Roxana Fabris is a Mexican entrepreneur and the President of Construyendo y Creciendo, an enterprise that focuses on creating economic opportunities for construction workers and other vulnerable populations

March 30, 2023

Roxana Fabris: The Brain Behind Construyendo y Creciendo

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Roxana Fabris is a Mexican entrepreneur and the President of Construyendo y Creciendo, an enterprise that focuses on creating economic opportunities for construction workers and other vulnerable populations. From a young age, Roxana had an entrepreneurial spirit and a versatile career in the housing industry, real estate development, infrastructure, and the construction industry. With a unique, energetic style of leadership, Roxana is an excellent example of what can be achieved when women take the lead.

In an interview with PerceptivX, Roxana shares her unique perspective on the industry and how she plans to expand her business further. Below are the highlights. 

Creating an equitable and prosperous world

Roxana Fabris: “For more than 20 years my professional experience has been linked to the real estate and construction sectors, through the company I founded in 2002, Centro Urbano, a think tank focused on communication and consulting in these industries. In this context, I have participated as a columnist in various newspapers, magazines, websites, and other media, given conferences, and edited more than 50 books, including three for UN-Habitat. Throughout my career, I have learned very closely about the obstacles and limitations that construction workers face. For this reason, in 2014, I became involved in the work of Construyendo y Creciendo and since 2017, I have been its President. The name Construyendo y Creciendo, Building and Growing, proposed by the founder of the organization, José Shabot, perfectly describes our mission and objective: as our students, construction workers, build better cities, they grow by building a better future, for them and their families. As a non-profit organization, Construyendo y Creciendo (Building and Growing) through education and training, seeks to increase the human development and quality of life of construction workers and, with this, have a positive impact on the development of this industry. It is focused on raising the levels of human development of construction workers and other vulnerable populations, to improve their quality of life and, through this, contribute to the development and growth of Mexico. Construyendo y Creciendo (Building and Growing) began activities in 2006. Our headquarters are in Mexico City, but we have a presence in 24 states of the Mexican Republic, especially in the North, Center, and South regions of the country, where we have installed close to 200 study classrooms. We have impacted more than 3,500 people who attended in the classrooms of 2022, of which 65% were enrolled in an Education for Employability service. Due to the success of our Aulas a Distancia project, we were the first Foundation to receive the 2021 UNESCO-Confucius Prize for Literacy, which honors the Distance Learning program. Throughout 16 years, we have impacted the lives of more than 30,000 people, and managed to indirectly benefit more than 120,000.”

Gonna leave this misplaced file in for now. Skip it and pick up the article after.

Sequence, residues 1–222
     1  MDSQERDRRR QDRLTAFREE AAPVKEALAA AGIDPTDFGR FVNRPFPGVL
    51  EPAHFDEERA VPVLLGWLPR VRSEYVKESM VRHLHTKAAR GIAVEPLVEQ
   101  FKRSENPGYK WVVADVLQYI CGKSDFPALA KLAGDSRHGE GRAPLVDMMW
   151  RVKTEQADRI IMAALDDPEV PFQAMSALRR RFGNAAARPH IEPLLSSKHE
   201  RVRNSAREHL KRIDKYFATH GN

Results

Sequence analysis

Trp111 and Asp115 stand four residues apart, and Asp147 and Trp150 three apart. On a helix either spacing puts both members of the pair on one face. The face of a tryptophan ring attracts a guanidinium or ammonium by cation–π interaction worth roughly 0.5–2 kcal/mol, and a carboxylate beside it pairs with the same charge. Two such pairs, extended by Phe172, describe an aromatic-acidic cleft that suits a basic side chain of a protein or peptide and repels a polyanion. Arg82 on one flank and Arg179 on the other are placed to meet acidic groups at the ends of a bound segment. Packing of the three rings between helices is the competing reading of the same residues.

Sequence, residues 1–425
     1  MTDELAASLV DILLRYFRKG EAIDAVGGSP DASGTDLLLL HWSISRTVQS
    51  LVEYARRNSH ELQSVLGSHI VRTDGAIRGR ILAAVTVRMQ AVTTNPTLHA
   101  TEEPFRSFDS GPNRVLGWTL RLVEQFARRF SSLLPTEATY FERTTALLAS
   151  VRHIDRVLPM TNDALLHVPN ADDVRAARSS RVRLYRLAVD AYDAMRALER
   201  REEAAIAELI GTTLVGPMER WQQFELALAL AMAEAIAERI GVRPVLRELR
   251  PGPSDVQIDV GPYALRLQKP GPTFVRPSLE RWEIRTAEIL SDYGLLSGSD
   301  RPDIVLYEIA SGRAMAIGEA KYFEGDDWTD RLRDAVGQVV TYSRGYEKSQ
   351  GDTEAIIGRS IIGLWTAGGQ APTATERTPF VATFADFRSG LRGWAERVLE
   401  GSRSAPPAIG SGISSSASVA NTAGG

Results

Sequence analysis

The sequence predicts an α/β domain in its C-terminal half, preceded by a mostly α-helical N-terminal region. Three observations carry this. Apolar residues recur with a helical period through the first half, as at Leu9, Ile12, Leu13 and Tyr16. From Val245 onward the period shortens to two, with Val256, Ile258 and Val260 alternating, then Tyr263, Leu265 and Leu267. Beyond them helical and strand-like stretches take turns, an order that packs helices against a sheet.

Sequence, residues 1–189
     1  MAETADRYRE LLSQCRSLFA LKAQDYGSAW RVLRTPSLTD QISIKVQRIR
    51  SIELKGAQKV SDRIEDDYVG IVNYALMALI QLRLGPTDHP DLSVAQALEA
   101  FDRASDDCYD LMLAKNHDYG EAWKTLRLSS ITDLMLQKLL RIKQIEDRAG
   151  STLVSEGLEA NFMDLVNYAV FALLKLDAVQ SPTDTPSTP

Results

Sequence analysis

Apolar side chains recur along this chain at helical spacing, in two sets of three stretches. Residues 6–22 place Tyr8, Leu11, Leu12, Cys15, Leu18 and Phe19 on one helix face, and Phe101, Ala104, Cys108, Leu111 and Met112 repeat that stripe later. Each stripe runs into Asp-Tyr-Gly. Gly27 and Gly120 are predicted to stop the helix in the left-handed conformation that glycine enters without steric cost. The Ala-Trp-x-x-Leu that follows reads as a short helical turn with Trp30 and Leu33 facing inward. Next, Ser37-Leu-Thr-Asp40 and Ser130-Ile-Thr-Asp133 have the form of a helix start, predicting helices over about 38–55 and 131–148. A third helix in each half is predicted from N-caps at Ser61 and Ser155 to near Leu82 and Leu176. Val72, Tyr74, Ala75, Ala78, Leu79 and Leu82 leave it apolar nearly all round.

Roxana Fabris: The Brain Behind Construyendo y Creciendo

Excellence is the goal

Roxana Fabris: “The success of our model lies in the installation of study classrooms within construction sites or in well-located public spaces so that workers and other members of the community can have access to free, quality education with a constructivist approach. The educational process is personalized, taking into account the interests and context of each student, whom we seek to turn into Change makers, who promote the importance of education and training among their close circle, their families, and communities. In this way, our impact multiplies and generates sustainable change. Our educational proposal is comprehensive, addressing three main axes: academic education, job training with a focus on employability, and human development so that those who pass through our classrooms become better students, better workers, and above all, better human beings and better citizens. Construyendo y Creciendo (Building and Growing) seeks to raise levels of Human Development in construction workers and their environment through education and training. Through our activities, we support different Sustainable Development Goals of the 2030 Agenda, especially Quality Education, Gender Equality, Decent Work & Economic Growth, and Reduced Inequalities.”

A unique model